Keller v. Baca

Filing 41

ORDER - Respondents' motion to dismiss the petition (ECF No. 14 ) is granted in part and denied in part as specified herein. (See pdf Order for specifics.) Petitioner will have until 3/15/2018 within which to mail to the Clerk for filing a motion to dismiss re exhaustion, or for stay and abeyance. Petitioner's motion for appointment of counsel (ECF No. 38 ) is denied. Petitioner's motion for an extension of time (ECF No. 37 ) is denied. Signed by Judge Miranda M. Du on 2/13/2018. (Copies have been distributed pursuant to the NEF - DRM)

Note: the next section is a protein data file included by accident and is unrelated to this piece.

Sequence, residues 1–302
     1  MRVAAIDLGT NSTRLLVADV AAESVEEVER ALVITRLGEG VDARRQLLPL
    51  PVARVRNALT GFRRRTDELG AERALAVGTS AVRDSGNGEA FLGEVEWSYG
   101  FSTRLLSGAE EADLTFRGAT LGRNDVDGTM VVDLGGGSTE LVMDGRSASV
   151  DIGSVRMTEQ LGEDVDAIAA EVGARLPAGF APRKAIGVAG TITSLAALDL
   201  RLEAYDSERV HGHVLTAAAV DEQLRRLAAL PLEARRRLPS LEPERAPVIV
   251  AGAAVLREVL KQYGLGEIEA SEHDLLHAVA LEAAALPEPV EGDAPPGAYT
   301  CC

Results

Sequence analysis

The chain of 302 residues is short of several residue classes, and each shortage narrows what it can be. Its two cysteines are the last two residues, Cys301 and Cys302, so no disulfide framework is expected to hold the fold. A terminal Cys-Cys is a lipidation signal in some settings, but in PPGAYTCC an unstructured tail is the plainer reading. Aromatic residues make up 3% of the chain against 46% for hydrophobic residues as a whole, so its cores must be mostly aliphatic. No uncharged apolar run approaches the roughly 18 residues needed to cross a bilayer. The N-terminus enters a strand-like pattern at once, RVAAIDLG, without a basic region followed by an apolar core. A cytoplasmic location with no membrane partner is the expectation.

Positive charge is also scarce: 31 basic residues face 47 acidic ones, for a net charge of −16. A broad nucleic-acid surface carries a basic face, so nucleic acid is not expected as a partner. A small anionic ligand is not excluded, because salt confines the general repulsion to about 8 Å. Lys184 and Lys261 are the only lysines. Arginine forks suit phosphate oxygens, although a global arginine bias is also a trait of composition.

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1 2 3 4 5 6 UNITED STATES DISTRICT COURT 7 DISTRICT OF NEVADA 8 *** 9 BRET KELLER, 10 11 12 Case No. 3:15-cv-00563-MMD-VPC Petitioner, v. ORDER ISIDRO BACA, et al., Respondents. 13 14 This pro se petition for a writ of habeas corpus comes before the Court on the 15 respondents’ motion to dismiss (ECF No. 14). Petitioner has opposed (ECF No. 31), and 16 respondents have replied (ECF No. 35). In addition, petitioner has moved for an extension 17 of time to file a response to the respondents’ reply (ECF No. 37). Finally, petitioner has 18 moved the Court for appointment of counsel (ECF No. 38). 19 I. BACKGROUND 20 In this action, petitioner challenges his conviction pursuant to a guilty plea of 21 attempted murder. (ECF No. 7; Exh. 10.1) 22 On September 14, 2011, petitioner signed a waiver of preliminary examination in 23 which he agreed to plead guilty to attempted murder. (Exh. 5.) The document provided 24 that the parties would be free to argue for his sentence, that certain other cases against 25 petitioner would be dismissed, that petitioner would also plead guilty to a separate charge 26 of domestic battery, second offense, and that no other charges or enhancements would 27 28 1 The exhibits cited in this order, which comprise the state court record, are located at ECF Nos. 16-20. 1 be filed. (Id.; see also Exh. 8 (Tr. at 3-4).) That same date, an information was filed in the 2 Second Judicial District Court charging petitioner with the attempted murder of Kimberly 3 Keller and Thomas A. on or about July 13, 2011. (Exh. 6.) 4 On September 27, 2011, petitioner appeared at his arraignment with counsel Scott 5 Edwards and entered a plea of guilty to the charge of attempted murder. (Exh. 8.) 6 Sentencing was initially scheduled for November 8, 2011, but on that date Edwards 7 appeared before the state trial court and represented that the petitioner’s presentence 8 investigation report had not yet been disclosed. (Exh. 9.) At counsel’s request, sentencing 9 was continued to November 22, 2011. (See id.) 10 On November 22, 2011, after hearing from the victim and her daughter, the court 11 sentenced petitioner to a term of 96 to 240 months’ imprisonment. (Exh. 9A.) Petitioner 12 appealed. (Exh. 12.) On appeal, petitioner — still represented by Edwards — argued that 13 the trial court improperly considered the victim’s daughter’s impact statement because 14 during it she (1) stated that she did not believe petitioner felt remorse and (2) referenced 15 prior uncharged acts of domestic violence. (Exh. 26.) On July 25, 2012, the Nevada 16 Supreme Court affirmed. (Exh. 28.) In particular, the court noted that petitioner had not 17 objected to the daughter’s impact statement and thus his claims were subject to review 18 only for plain error. (Id.) Remittitur on the direct appeal issued on August 21, 2012. (Exh. 19 29.) 20 On June 12, 2013, petitioner filed in state court a motion for a sixty-day extension 21 of time to file his petition for writ of habeas corpus and a motion for withdrawal of attorney 22 and transfer of records. (Exhs. 32 & 33.) In the motions, which were dated June 5, 2013, 23 petitioner represented that Edwards had not provided him with his opening brief on direct 24 appeal and asked the court to order Edwards to transfer petitioner his case file. (Exhs. 32 25 & 33.) 26 On July 15, 2013, petitioner filed a petition for writ of habeas corpus in state court. 27 (Exh. 38.) The petition asserted one ground: Sixth Amendment ineffective assistance of 28 counsel. Petitioner alleged counsel was ineffective based on: “(1) No time afforded for 2 1 investigation or preparation”; (2) “P.S.I. not received until morning of sentence”; (3) “Last 2 minute plea bargain with threat. Take it or leave it”; and (4) “Unprofessional conduct in 3 court on presentence 11/8/11 under the influence. Several witnesses.” (Exh. 38.) On July 4 16, 2013, the state court granted petitioner’s motion to withdraw and for the transfer of 5 his records. (Exh. 39.) 6 On September 4, 2013, petitioner filed a motion to compel Edwards to comply with 7 the court’s order directing transfer of his records and a motion for sanctions regarding the 8 failure to comply. (Exhs. 41 & 42.) On January 6, 2014, petitioner filed a document with 9 the state court indicating that Edwards still had not complied with the court’s order to 10 transfer petitioner’s files. (Exh. 43.) 11 On January 17, 2014, the state court appointed Karla Butko to represent petitioner 12 in his postconviction proceedings. (Exh. 44.) Butko thereafter filed a supplemental habeas 13 petition asserting further ineffective assistance of counsel claims. (Exh. 45.) After the trial 14 court denied the petition, petitioner appealed. (Exhs. 52 & 55.) The Nevada Supreme 15 Court affirmed on June 19, 2015, and remittitur issued on July 13, 2015. (Exhs. 68 & 69.) 16 On or about November 16, 2015, petitioner dispatched the instant federal habeas 17 petition for filing. (See ECF No. 1; ECF No. 7 at 29.) On that same date, petitioner filed a 18 second state habeas petition. (Exh. 72.) The state trial court denied the second state 19 habeas petition as untimely and successive, among other procedural bars, and the 20 Nevada Court of Appeals affirmed. (Exhs. 81 & 92). 21 Respondents move to dismiss the instant federal petition on several procedural 22 grounds, including timeliness, exhaustion, and procedural default. Respondents further 23 argue that several of petitioner’s claims are not cognizable in habeas. 24 II. ANALYSIS 25 A. Timeliness 26 The Antiterrorism and Effective Death Penalty Act of 1996 (“AEDPA”) established 27 a one-year period of limitations for federal habeas petitions filed by state prisoners. The 28 one-year limitation period begins to run after the date on which the judgment challenged 3 1 became final by the conclusion of direct review or the expiration of the time for seeking 2 such direct review, unless it is otherwise tolled or subject to delayed accrual.2 28 U.S.C. 3 § 2244(d)(1)(A). The limitations period is tolled while “a properly filed application for State 4 post-conviction or other collateral review” is pending. Id. § 2244(d)(2). An untimely state 5 habeas petition is not “properly filed” and thus does not toll the limitations period. Pace v. 6 DiGuglielmo, 544 U.S. 408, 413 (2005). In addition, a state habeas petition cannot toll a 7 federal limitations period that has already expired by the time the state petition is filed. 8 Laws v. Lamarque, 351 F.3d 919, 922 (9th Cir. 2003). 9 The Nevada Supreme Court affirmed petitioner’s conviction on July 25, 2012. 10 Petitioner’s judgment of conviction thus became final on October 23, 2012 — after the 11 90-day period to seek certiorari from the United States Supreme Court expired. 12 Accordingly, the time period for filing a federal habeas petition began to run on October 13 24, 2012. On July 15, 2013, petitioner filed his state postconviction habeas petition. The 14 time during which that petition was pending tolled the limitations period under the statute. 15 Two hundred and sixty-five (265) days elapsed between the date petitioner’s judgment 16 became final and the filing of his state postconviction petition. The Nevada Supreme 17 Court issued remittitur on its decision affirming the denial of the petition on July 13, 2015. 18 Absent a basis for tolling or other delayed accrual, then, the limitations period expired 100 19 days after July 13, 2015, on October 21, 2015. Petitioner filed his federal petition, at the 20 earliest, on November 16, 2015. Accordingly, unless petitioner establishes a basis for 21 tolling or other delayed accrual, the instant petition was filed twenty-six (26) days after the 22 expiration of the federal statute of limitations. 23 In his opposition, petitioner asserts that he is entitled to equitable tolling. A 24 petitioner can establish an entitlement to equitable tolling under certain, very limited 25 circumstances. Equitable tolling is appropriate only if the petitioner can show that: (1) he 26 /// 27 28 2While the statute of limitations may also begin to run from other events, petitioner does not claim, and it does not appear from the record, that any of the other events is applicable in this case. 4 1 has been pursuing his rights diligently, and (2) some extraordinary circumstance stood in 2 his way and prevented timely filing. Holland v. Florida, 560 U.S. 631, 649 (2010). 3 Equitable tolling is “unavailable in most cases,” Miles v. Prunty, 187 F.3d 1104, 1107 (9th 4 Cir. 1999), and “the threshold necessary to trigger equitable tolling is very high, lest the 5 exceptions swallow the rule,” Miranda v. Castro, 292 F.3d 1063, 1066 (9th Cir. 2002) 6 (quoting United States v. Marcello, 212 F.3d 1005, 1010 (7th Cir. 2000)). The petitioner 7 ultimately has the burden of proof on this “extraordinary exclusion.” Id. at 1065. He 8 accordingly must demonstrate a causal relationship between the extraordinary 9 circumstance and the lateness of his filing. E.g., Spitsyn v. Moore, 345 F.3d 796, 799 (9th 10 Cir. 2003). Accord Bryant v. Arizona Attorney General, 499 F.3d 1056, 1061 (9th Cir. 11 2007). 12 Construed liberally, petitioner’s opposition asserts that he is entitled to equitable 13 tolling because he did not have his case file when he was preparing to file his state 14 postconviction petition.3 (ECF No. 31 at 10-11.) While the complete lack of a case file 15 might, under some circumstances, justify equitable tolling, see Waldron-Ramsey v. 16 Pacholke, 556 F.3d 1008, 1013 (9th Cir. 2009); Lott v. Mueller, 304 F.3d 918, 924-25 (9th 17 Cir. 2002), petitioner’s allegation does not — standing alone — establish an entitlement 18 to tolling. Petitioner has not established his own diligence before June 5, 2013, when he 19 first decided to seek his file from his attorney, or “that the hardship caused by lack of 20 access to his materials was an extraordinary circumstance that caused” the untimely filing 21 of his federal petition. See Waldron-Ramsey, 556 F.3d at 1013. However, it is a non- 22 frivolous claim of equitable tolling and thus further factual development would be required 23 before the Court could rule on it. In the interests of judicial economy, the Court exercises 24 /// 25 26 27 28 3The Court notes that this argument was raised under the heading “Procedural Default” and not specifically in connection with petitioner’s “equitable tolling” assertion. However, in the “Procedural Default” section, petitioner blames the “20-“ or “29-day delay” in filing the federal petition on Edwards’ failure to timely provide him with his file. A fair reading of the opposition, thus, is that petitioner asserts an entitlement to equitable tolling of the federal limitations period based on Edwards’ failure to provide him with his case file. 5 1 its discretion to decline to decide the issue at this time. See Van Buskirk v. Baldwin, 265 2 F.3d 1080, 1083 (9th Cir. 2001) (Court may properly deny petition on merits rather than 3 reaching “the complex questions lurking in the time bar of the AEDPA.”), cert. denied, 535 4 U.S. 950 (2002); Cooper v. Calderon, 274 F.3d 1270, 1275 n. 3 (9th Cir. 2001) (per 5 curiam) (denying petition on merits rather than remanding to consider equitable tolling); 6 see also Day v. McDonough, 547 U.S. 198, 208–209 (2006) (“In lieu of an inflexible rule 7 requiring dismissal whenever AEDPA's one-year clock has run . . . the State reads the 8 statutes, Rules, and decisions in point to permit the exercise of discretion . . . to decide 9 whether the administration of justice is better served by dismissing the case on statute of 10 limitations grounds or by reaching the merits of the petition . . . . We agree.”). 11 Accordingly, respondents’ motion to dismiss the petition on the grounds that it is 12 untimely will be denied without prejudice to renew in the answer. Should respondents 13 choose to renew the timeliness argument in their answer, petitioner will — in his reply — 14 explain and provide any available factual support demonstrating when and how he tried 15 to obtain his file from Edwards and how the lack of his file prevented the timely filing of 16 the instant habeas petition. 17 18 B. Cognizable Claims 1. Grounds 2, 3, and 4 19 Respondents argue that Grounds 2, 3, and 4 are not cognizable in federal habeas 20 proceedings. Grounds 2, 3, and 4 include claims that postconviction counsel rendered 21 ineffective assistance and that the state court erred in denying an evidentiary hearing on 22 petitioner’s state postconviction petition. Such claims are not cognizable in habeas 23 proceedings. “[T]here is no federal constitutional right to the assistance of counsel in 24 connection with state collateral relief proceedings, even where those proceedings 25 constitute the first tier of review for an ineffective assistance of counsel claim.” Martinez 26 v. Schriro, 623 F.3d 731, 739–40 (9th Cir. 2010), rev’d on other grounds by Martinez v. 27 Ryan, 566 U.S. 1 (2012); see also 28 U.S.C. § 2254(i) (“The ineffectiveness or 28 incompetence of counsel during Federal or State collateral post-conviction proceedings 6 1 shall not be a ground for relief in a proceeding arising under section 2254.”); Franzen v. 2 Brinkman, 877 F.2d 26, 26 (9th Cir. 1989) (“[E]rrors in the state post-conviction review 3 process is not addressable through habeas corpus proceedings.”). Accordingly, Grounds 4 2, 3, and 4 are dismissed with prejudice to the extent they assert ineffective assistance 5 of postconviction counsel or errors in state postconviction proceedings. To the extent 6 Ground 8 asserts ineffective assistance of postconviction counsel, that claim will also be 7 dismissed. The Court notes that Grounds 2, 3, 4, and 8 all assert claims beyond 8 ineffective assistance of postconviction counsel or errors in postconviction proceedings, 9 and thus the grounds are not hereby dismissed in their entirety. 2. 10 Respondents assert that Ground 9 does not assert any factual allegations 11 12 Ground 9 supporting any claim. The Court agrees. Ground 9 will therefore be dismissed. 13 C. Exhaustion 14 Under 28 U.S.C. ' 2254(b)(1)(A), a habeas petitioner first must exhaust state court 15 remedies on a claim before presenting that claim to the federal courts. To satisfy this 16 exhaustion requirement, the claim must have been fairly presented to the state courts 17 completely through to the highest state court level of review available. E.g., Peterson v. 18 Lampert, 319 F.3d 1153, 1156 (9th Cir. 2003) (en banc); Vang v. Nevada, 329 F.3d 1069, 19 1075 (9th Cir. 2003). In the state courts, the petitioner must refer to the specific federal 20 constitutional guarantee upon which she relies and must also state the facts that entitle 21 her to relief on that federal claim. E.g., Shumway v. Payne, 223 F.3d 983, 987 (9th Cir. 22 2000). That is, fair presentation requires that the petitioner present the state courts with 23 both the operative facts and the federal legal theory upon which the claim is based. E.g., 24 Castillo v. McFadden, 399 F.3d 993, 999 (9th Cir. 2005). The exhaustion requirement 25 insures that the state courts, as a matter of federal-state comity, will have the first 26 opportunity to pass upon and correct alleged violations of federal constitutional 27 guarantees. See, e.g., Coleman v. Thompson, 501 U.S. 722, 731 (1991). 28 /// 7 1 Respondents argue that Grounds 1 and 2 are unexhausted.4 1. 2 Ground 1 3 Ground 1 asserts that the Nevada Supreme Court deprived him of his right to 4 conflict-free appellate counsel by ignoring that appellate counsel was also trial counsel 5 and thus was hindered by his own self-interest in hiding his trial errors and ignoring that 6 his counsel was incompetent due to “an alcohol-addled brain.” (ECF No. 7 at 3.) Petitioner 7 asserts that these actions were taken pursuant to a government policy of treating victims 8 better than tortfeasors by precluding presentation of mitigating evidence. (Id.) Neither the 9 allegation regarding the Nevada Supreme Court’s failures nor the allegation about a 10 government policy appears anywhere in any of petitioner’s appeals to the Nevada 11 Supreme Court. To this extent, then, Ground 1 is unexhausted. 12 Ground 1 may also be read to assert a claim that Edwards rendered ineffective 13 assistance of counsel due to a conflict of interest on appeal — specifically, because 14 Edwards was trial counsel he was motivated to hide his own mistakes when appealing 15 petitioner’s conviction. To the extent this is one of petitioner’s claims, it is unexhausted. 16 This allegation does not appear in any of petitioner’s appeals to the Nevada Supreme 17 Court.5 18 2. Ground 2 19 Respondents also argue that Ground 2 is unexhausted. As previously discussed, 20 Ground 2 is dismissed to the extent that it alleges postconviction counsel was ineffective 21 and the state court erred in denying an evidentiary hearing on postconviction review. 22 However, Ground 2 can also be read to assert claims that Edwards was ineffective for 23 failing to: (1) prepare for sentencing; (2) provide mitigating evidence at sentencing, 24 specifically the testimony of petitioner’s family; (3) object to the victim impact statement; 25 26 27 28 4Respondents had initially argued that Grounds 3-8 were also unexhausted but effectively concede in their reply that petitioner has now exhausted those claims by way of his second state habeas petition. 5It is possible to read Ground 1 as also asserting that Edwards was ineffective due to substance abuse. However, as this claim appears elsewhere in the petition, including Grounds 3 and 8, the Court will not consider this claim part of Ground 1. 8 1 (4) attack the sentence as constitutionally disproportionate; and (5) argue on appeal that 2 the plea was involuntary.6 (ECF No. 7 at 5-6.) 3 The first three allegations are exhausted as they were properly presented to the 4 Nevada Supreme Court in the appeal of petitioner’s first state postconviction petition. 5 However, the claim that Edwards failed to object to the sentence as constitutionally 6 disproportionate is not exhausted. In the first postconviction appeal, petitioner argued that 7 the sentence was constitutionally disproportionate but not that Edwards was ineffective 8 for failing to make that argument. This argument further does not appear in the second 9 postconviction habeas petition. The claim is therefore unexhausted. 10 In addition, the claim that Edwards failed to argue on appeal that the plea was 11 involuntary is not exhausted. A claim must be presented in a posture that is acceptable 12 under state procedural rules. See Sweet v. Cupp, 640 F.2d 233 (9th Cir. 1981). 13 Exhaustion cannot be achieved by a procedurally deficient or improper means. Castille v. 14 Peoples, 489 U.S. 346, 351 (1989). Although the first postconviction appeal asserted 15 Edwards was ineffective for failing to argue that the plea was involuntary, that claim had 16 not been presented to the lower court and the Nevada Supreme Court declined to decide 17 a claim that had been raised for the first time on appeal. (Exh. 68.) The first postconviction 18 petition therefore did not exhaust this claim. Nor does this claim appear in petitioner’s 19 second state postconviction petition. This claim is likewise unexhausted. 20 D. 21 Grounds 3 through 8, though exhausted, were dismissed by the state courts as 22 procedurally barred. Respondents therefore move to dismiss Grounds 3 through 8 as 23 procedurally defaulted. 24 25 26 27 28 Procedural Default 6While Ground 2 also references “coercion,” it lacks any further factual specificity — i.e., who coerced petitioner or how petitioner was coerced — and thus fails to state any claim. The Court notes this specifically because although petitioner did exhaust on his first postconviction appeal a claim that Edwards coerced him into entering a guilty plea by telling him to “take it or leave it,” no such claim appears in the instant federal petition. Rather, petitioner’s only claim of coercion appears in Ground 5, in which petitioner assert that Edwards coerced him into pleading guilty at the direction of the trial court. (ECF No. 7 at 14-15). This is not the same as a claim that Edwards coerced petitioner into pleading guilty by telling him to “take it or leave it.” 9 1 A federal court cannot review a claim “if the Nevada Supreme Court denied relief 2 on the basis of ‘independent and adequate state procedural grounds.’” Koerner v. Grigas, 3 328 F.3d 1039, 1046 (9th Cir. 2003). In Coleman v. Thompson, the Supreme Court held 4 that a state prisoner who fails to comply with the state’s procedural requirements in 5 presenting his claims is barred from obtaining a writ of habeas corpus in federal court by 6 the adequate and independent state ground doctrine. Coleman v. Thompson, 501 U.S. 7 722, 731-32 (1991). A state procedural bar is “adequate” if it is “clear, consistently applied, 8 and well-established at the time of the petitioner's purported default.” Calderon v. United 9 States District Court (Bean), 96 F.3d 1126, 1129 (9th Cir. 1996). A state procedural bar 10 is “independent” if the state court “explicitly invokes the procedural rule as a separate 11 basis for its decision.” Yang v. Nevada, 329 F.3d 1069, 1074 (9th Cir. 2003). A state 12 court’s decision is not “independent” if the application of the state’s default rule depends 13 on the consideration of federal law. Park v. California, 202 F.3d 1146, 1152 (9th Cir. 14 2000). 15 Where such a procedural default constitutes an adequate and independent state 16 ground for denial of habeas corpus, the default may be excused only if “a constitutional 17 violation has probably resulted in the conviction of one who is actually innocent,” or if the 18 prisoner demonstrates cause for the default and prejudice resulting from it. Murray v. 19 Carrier, 477 U.S. 478, 496 (1986). 20 To demonstrate cause for a procedural default, the petitioner must “show that 21 some objective factor external to the defense impeded” his efforts to comply with the state 22 procedural rule. Murray, 477 U.S. at 488. For cause to exist, the external impediment 23 must have prevented the petitioner from raising the claim. See McCleskey v. Zant, 499 24 U.S. 467, 497 (1991). With respect to the prejudice prong, the petitioner bears “the burden 25 of showing not merely that the errors [complained of] constituted a possibility of prejudice, 26 but that they worked to his actual and substantial disadvantage, infecting his entire 27 [proceeding] with errors of constitutional dimension.” White v. Lewis, 874 F.2d 599, 603 28 (9th Cir. 1989) (citing United States v. Frady, 456 U.S. 152, 170 (1982)). 10 1 Grounds 3 through 8 were exhausted only by way of the second state habeas 2 petition. The Nevada Court of Appeals affirmed dismissal of the second state petition as 3 successive and untimely under NRS § 34.810 and § 34.726. (Exhs. 107 & 117). The Ninth 4 Circuit has held that application of the timeliness rule in § 34.726(1) is an independent 5 and adequate state law ground for procedural default. Moran v. McDaniel, 80 F.3d 1261, 6 1268–70 (9th Cir. 1996); see also Valerio v. Crawford, 306 F.3d 742, 778 (9th Cir. 2002). 7 The Ninth Circuit also has held that, at least in non-capital cases, NRS § 34.810 is an 8 independent and adequate state ground for procedural default. Vang v. Nevada, 329 F.3d 9 1069, 1074 (9th Cir. 2003); Bargas v. Burns, 179 F.3d 1207, 1210–12 (9th Cir. 1999). 10 The Nevada Court of Appeals’ decision in this case did not depend on the application of 11 federal law in deciding that the petition was procedurally barred. Accordingly, the Nevada 12 Court of Appeals relied on independent and adequate state law grounds in affirming the 13 dismissal of petitioner’s second state habeas petition as untimely and successive. 14 Petitioner must therefore establish cause and prejudice for the default of Grounds 3 15 through 8. 16 The Court construes petitioner’s opposition as asserting two bases for cause. 17 First, petitioner appears to argue that he could not assert his defaulted claims in 18 his first postconviction petition because he did not have his file. Petitioner does not assert 19 that Edwards abandoned him or did not do something petitioner was relying on him to do. 20 The question thus is whether the fact that petitioner did not have his case file at the time 21 of filing his state postconviction petition is sufficient cause to excuse the default of his 22 claims. Petitioner does not explain why he needed his file to present his defaulted claims. 23 All of petitioner’s claims appear to arise from his firsthand knowledge and there is thus no 24 obvious reason petitioner should have needed his case file to assert those claims. 25 Moreover, petitioner filed a supplemental petition through counsel and there is no 26 allegation that counsel lacked petitioner’s case file. Accordingly, the Court concludes that 27 the lack of petitioner’s legal file does not excuse the procedural default of Grounds 3 28 through 8. 11 1 Second, petitioner asserts that Martinez v. Ryan, 566 U.S. 1 (2012) provides cause 2 as post-conviction counsel failed to raise many of his claims. In Martinez, the United 3 States Supreme Court created a narrow, equitable rule that allows petitioners to, in some 4 cases, establish cause for a procedural default where their post-conviction counsel failed 5 to raise a substantial claim of ineffective assistance of trial counsel in initial-review 6 collateral proceedings. Id. at 16-17. The Martinez rule is an exception to the general rule 7 that errors of postconviction counsel cannot provide cause for a procedural default. 8 Coleman, 501 U.S. at 752-54; Smith v. Baldwin, 510 F.3d 1127, 1146-47 (9th Cir. 2007). 9 Martinez provides an exception only for substantial claims of ineffective assistance of trial 10 counsel. It cannot supply cause to excuse the procedural default of a substantive claim 11 of trial court error. See Martinez, 566 U.S. at 16-17. And it cannot supply cause to excuse 12 the procedural default of an ineffective assistance of appellate counsel claim. Davila v. 13 Davis, 137 S. Ct. 2058, 2064 (2017). 14 Grounds 3, 4, and 5, in part, and Grounds 6 and 7 in their entirety, assert claims 15 of trial court error/misconduct and prosecutor misconduct. Ground 4 also asserts a claim 16 that Edwards was ineffective on appeal. Martinez cannot supply cause for the default of 17 these claims. Thus, Grounds 6 and 7, and Grounds 3, 4, and 5 to the extent they assert 18 claims of trial court error/misconduct, prosecutor misconduct, or ineffective assistance of 19 appellate counsel, must be dismissed as procedurally defaulted. 20 The remainder of Grounds 3, 4, and 5 and Ground 8 assert ineffective assistance 21 of trial counsel claims against Edwards. Those claims include that Edwards was 22 ineffective because he: (1) was impaired due to substance abuse; (2) operated as an 23 agent of the state because he was an ex-schoolmate of the prosecutor; (3) used bait-and- 24 switch tactics to get petitioner to waive the preliminary hearing in that he promised 25 petitioner a sentence of two- to ten- years; and (4) failed to provide petitioner with all 26 discovery. Whether postconviction counsel was ineffective for failing to raise these claims, 27 and whether these claims are substantial, are questions that are intertwined with the 28 /// 12 1 merits of the case. The Court therefore defers the cause and prejudice analysis with 2 respect to these claims until the time of its merits determination. 3 III. MISCELLANEOUS MOTIONS 4 A. 5 Petitioner has moved for appointment of counsel (ECF No. 22). There is no 6 constitutional right to appointed counsel for a federal habeas corpus proceeding. 7 Pennsylvania v. Finley, 481 U.S. 551, 555 (1987); Bonin v. Vasquez, 999 F.2d 425, 428 8 (9th Cir.1993). The decision to appoint counsel is generally discretionary. Chaney v. 9 Lewis, 801 F.2d 1191, 1196 (9th Cir.1986), cert. denied, 481 U.S. 1023 (1987); Bashor 10 v. Risley, 730 F.2d 1228, 1234 (9th Cir.), cert. denied, 469 U.S. 838 (1984). However, 11 counsel must be appointed if the complexities of the case are such that denial of counsel 12 would amount to a denial of due process, and where the petitioner is a person of such 13 limited education as to be incapable of fairly presenting his claims. See Chaney, 801 F.2d 14 at 1196; see also Hawkins v. Bennett, 423 F.2d 948 (8th Cir.1970). Petitioner has been 15 fairly able to present his claims, and the petition is sufficiently clear. In addition, the legal 16 issues are not particularly complex. Therefore, counsel is not justified. Motion for Appointment of Counsel 17 B. Motion for Extension of Time 18 Petitioner has moved for an extension of time to file a response to the respondents’ 19 reply — effectively a surreply (ECF No. 37). Sur-replies are not authorized absent leave 20 of court, and petitioner has established no basis for the filing of a sur-reply in this case. 21 Accordingly, the motion for an extension of time will be denied as moot. 22 IV. OPTIONS ON A MIXED PETITION 23 A federal court may not entertain a habeas petition unless the petitioner has 24 exhausted all available and adequate state court remedies for all claims in the petition. 25 Rose v. Lundy, 455 U.S. 509, 510 (1982). A “mixed petition” containing both exhausted 26 and unexhausted claims is subject to dismissal. Id. Because petitioner’s petition is mixed, 27 he has three options: 28 /// 13 1. 1 2 claims; 2. 3 4 File a motion to dismiss seeking partial dismissal of only the unexhausted File a motion to dismiss the entire petition without prejudice in order to return to state court to dismiss the unexhausted claims; and/or 3. 5 File a motion for other appropriate relief, such as a motion for a stay and 6 abeyance asking this Court to hold his exhausted claims in abeyance while he returns to 7 state court to exhaust the unexhausted claims. 8 Petitioner is cautioned that stays are available only in limited circumstances and 9 that if he files a motion to stay and abey, he must show good cause for the failure to 10 exhaust and that his claims are not plainly meritless. See Rhines v. Weber, 544 U.S. 269, 11 278 (2005). If petitioner fails to file a motion as set forth above, his petition will be 12 dismissed without prejudice as a mixed petition. 13 V. 14 15 16 CONCLUSION In accordance with the foregoing, it is therefore ordered that respondents’ motion to dismiss the petition (ECF No. 14) is granted in part and denied in part as follows: 1. Grounds 2, 3, 4 and 8 are dismissed to the extent they allege ineffective 17 assistance of postconviction counsel or other errors in the state postconviction 18 proceedings; 19 2. Ground 1 is unexhausted; 20 3. Ground 2 is unexhausted to the extent it asserts that Edwards was 21 ineffective for failing to object to the sentence as constitutionally disproportionate and for 22 failing to argue on appeal that the plea was involuntary; Ground 2 is exhausted to the 23 extent it asserts that Edwards was ineffective for failing to prepare for sentencing, failing 24 to provide mitigating evidence at sentencing, specifically the testimony of petitioner’s 25 family, and failing to object to the victim impact statement; 26 4. Grounds 6 and 7 in their entirety, and Grounds 3, 4, and 5 to the extent they 27 assert ineffective assistance of appellate counsel, trial court error or misconduct, or 28 prosecutor misconduct, are dismissed as procedurally defaulted; 14 1 5. The Court will defer its cause and prejudice analysis as to the ineffective 2 assistance of trial counsel claims asserted in Grounds 3, 4, 5 and 8 until the time of the 3 merits determination. 4 It further is ordered that petitioner will have thirty (30) days from entry of this order 5 within which to mail to the Clerk for filing either: (1) a motion to dismiss seeking partial 6 dismissal only of the unexhausted claims; (2) a motion to dismiss the entire petition 7 without prejudice in order to return to state court to dismiss the unexhausted claims; 8 and/or (3) other appropriate relief, such as a motion for a stay and abeyance asking this 9 Court to hold his exhausted claims in abeyance while he returns to state court to exhaust 10 the unexhausted claims. The entire petition will be dismissed without prejudice for lack of 11 complete exhaustion if a motion as provided for herein is not timely mailed for filing. 12 13 14 15 16 It is further ordered that petitioner’s motion for appointment of counsel (ECF No. 38) is denied. It is further ordered that petitioner’s motion for an extension of time (ECF No. 37) is denied. DATED THIS 13th day of February 2018. 17 18 MIRANDA M. DU UNITED STATES DISTRICT JUDGE 19 20 21 22 23 24 25 26 27 28 15